FIRST 3D PRINTED HEART HAS HUMAN CELLS, VESSELS
16, Apr 2019
Prelims level : Science & Technology Mains level : GS-III Technology, Economic Development, Bio diversity, Environment, Security and Disaster Management
Why in News?
- Scientists in Israel unveiled a 3D print of a heart with human tissue and vessels, calling it a first and a “major medical breakthrough” that advances possibilities for Transplants.
- The heart, about the size of a rabbit’s, marked “the first time anyone anywhere has successfully engineered and printed an entire heart replete with cells, blood vessels, ventricles and chambers.
- Until now, the Tel Aviv University said, scientists have been successful in printing only simple tissue without blood vessels. The printing process for the tiny heart took about three hours, journalists who were able to watch the entire process said. The importance of the heart’s being made with a patient’s own cells and biological materials in order to eliminate the risk of implant rejection was stressed.
- The next step for the researchers is to culture the printed hearts in a laboratory and “teach them” to behave like hearts. The current state of the primitive heart can be compared to the heart of an embryo. “The cells need to form a pumping ability; they can currently contract, but we need them to work together. Once they have achieved that, the scientists plan to transplant the hearts into small animals, such as rabbits or rats.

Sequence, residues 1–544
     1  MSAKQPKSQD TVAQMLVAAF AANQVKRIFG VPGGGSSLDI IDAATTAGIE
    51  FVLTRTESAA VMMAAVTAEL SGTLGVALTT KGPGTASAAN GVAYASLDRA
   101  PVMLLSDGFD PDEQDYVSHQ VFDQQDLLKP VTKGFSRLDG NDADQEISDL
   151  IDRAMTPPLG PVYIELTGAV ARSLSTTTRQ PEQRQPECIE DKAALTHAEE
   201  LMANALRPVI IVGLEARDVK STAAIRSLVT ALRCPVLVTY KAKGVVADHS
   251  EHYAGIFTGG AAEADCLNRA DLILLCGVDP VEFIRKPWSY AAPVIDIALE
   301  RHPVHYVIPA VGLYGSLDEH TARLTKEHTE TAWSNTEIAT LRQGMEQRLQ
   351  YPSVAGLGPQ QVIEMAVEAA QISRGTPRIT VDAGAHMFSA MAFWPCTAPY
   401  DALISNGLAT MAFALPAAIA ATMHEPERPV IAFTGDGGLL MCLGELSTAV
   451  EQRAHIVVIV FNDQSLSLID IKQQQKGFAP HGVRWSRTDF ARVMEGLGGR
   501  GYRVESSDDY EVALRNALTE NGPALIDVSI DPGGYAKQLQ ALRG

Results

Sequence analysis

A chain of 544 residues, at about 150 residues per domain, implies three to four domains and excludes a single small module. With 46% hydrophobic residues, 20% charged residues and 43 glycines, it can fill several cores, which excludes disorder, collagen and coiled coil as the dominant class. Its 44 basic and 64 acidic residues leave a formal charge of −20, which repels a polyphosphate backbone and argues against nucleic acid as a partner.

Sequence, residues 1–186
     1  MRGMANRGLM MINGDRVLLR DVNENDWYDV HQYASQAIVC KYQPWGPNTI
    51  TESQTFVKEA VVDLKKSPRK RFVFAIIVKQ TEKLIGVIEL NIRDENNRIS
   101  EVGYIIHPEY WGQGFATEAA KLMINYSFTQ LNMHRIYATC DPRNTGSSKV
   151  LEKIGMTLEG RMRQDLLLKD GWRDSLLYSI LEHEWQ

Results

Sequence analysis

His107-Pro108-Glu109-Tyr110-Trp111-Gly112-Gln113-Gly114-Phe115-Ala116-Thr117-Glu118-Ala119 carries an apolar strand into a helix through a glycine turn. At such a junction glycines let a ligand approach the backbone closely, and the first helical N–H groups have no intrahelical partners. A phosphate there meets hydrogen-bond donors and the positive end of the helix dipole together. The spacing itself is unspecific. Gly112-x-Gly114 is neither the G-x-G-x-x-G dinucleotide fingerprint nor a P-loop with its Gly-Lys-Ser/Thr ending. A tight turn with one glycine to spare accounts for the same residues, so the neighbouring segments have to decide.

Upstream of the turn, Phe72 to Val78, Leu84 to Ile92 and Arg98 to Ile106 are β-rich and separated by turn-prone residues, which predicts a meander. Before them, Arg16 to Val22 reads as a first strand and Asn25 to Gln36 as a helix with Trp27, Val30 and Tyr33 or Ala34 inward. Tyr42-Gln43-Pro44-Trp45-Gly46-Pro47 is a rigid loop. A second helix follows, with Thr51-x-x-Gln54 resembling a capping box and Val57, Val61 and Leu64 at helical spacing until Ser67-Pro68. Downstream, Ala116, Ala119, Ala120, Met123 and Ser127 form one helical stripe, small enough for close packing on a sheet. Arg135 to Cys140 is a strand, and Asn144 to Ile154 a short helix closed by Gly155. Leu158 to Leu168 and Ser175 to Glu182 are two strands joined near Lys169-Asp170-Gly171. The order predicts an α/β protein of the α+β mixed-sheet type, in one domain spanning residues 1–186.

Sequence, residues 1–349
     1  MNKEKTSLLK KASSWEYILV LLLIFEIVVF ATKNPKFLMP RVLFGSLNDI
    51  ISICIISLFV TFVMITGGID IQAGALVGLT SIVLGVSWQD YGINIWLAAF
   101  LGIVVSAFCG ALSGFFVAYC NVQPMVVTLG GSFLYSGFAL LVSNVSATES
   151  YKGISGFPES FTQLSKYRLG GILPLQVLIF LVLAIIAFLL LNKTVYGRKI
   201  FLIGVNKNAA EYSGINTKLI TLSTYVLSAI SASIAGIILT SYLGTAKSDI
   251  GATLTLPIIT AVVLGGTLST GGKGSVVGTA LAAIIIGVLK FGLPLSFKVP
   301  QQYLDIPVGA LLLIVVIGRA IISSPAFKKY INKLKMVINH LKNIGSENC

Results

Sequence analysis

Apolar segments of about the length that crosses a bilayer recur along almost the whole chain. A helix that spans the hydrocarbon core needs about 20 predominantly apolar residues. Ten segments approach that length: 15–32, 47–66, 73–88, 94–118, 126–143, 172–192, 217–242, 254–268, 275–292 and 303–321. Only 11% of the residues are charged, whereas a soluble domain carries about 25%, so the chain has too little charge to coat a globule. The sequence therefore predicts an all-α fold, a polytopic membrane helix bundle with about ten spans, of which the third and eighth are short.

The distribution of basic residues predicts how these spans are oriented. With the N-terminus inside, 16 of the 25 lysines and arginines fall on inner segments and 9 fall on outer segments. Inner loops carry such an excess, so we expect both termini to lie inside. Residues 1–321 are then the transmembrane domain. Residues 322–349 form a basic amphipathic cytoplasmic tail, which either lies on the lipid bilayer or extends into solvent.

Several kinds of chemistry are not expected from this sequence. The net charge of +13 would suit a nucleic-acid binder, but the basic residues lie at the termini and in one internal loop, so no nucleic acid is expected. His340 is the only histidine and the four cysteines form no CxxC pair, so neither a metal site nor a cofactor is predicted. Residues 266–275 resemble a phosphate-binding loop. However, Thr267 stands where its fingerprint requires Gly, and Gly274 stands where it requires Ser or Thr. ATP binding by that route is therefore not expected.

- “Larger human hearts require the same technology
- Maybe, in 10 years, there will be organ printers in the finest hospitals around the world, and these procedures will be conducted routinely
- The World health Organization said last year that ischaemic heart disease and stroke were the world’s biggest killers.
- 3D bioprinting uses a typical layer-by-layer 3D printing method, depositing bio inks or biomaterials, to create 3D tissues or structures used for medicine or tissue engineering.
- This technology is being applied to regenerative medicine to address the need for tissues and 3D printed organs for transplant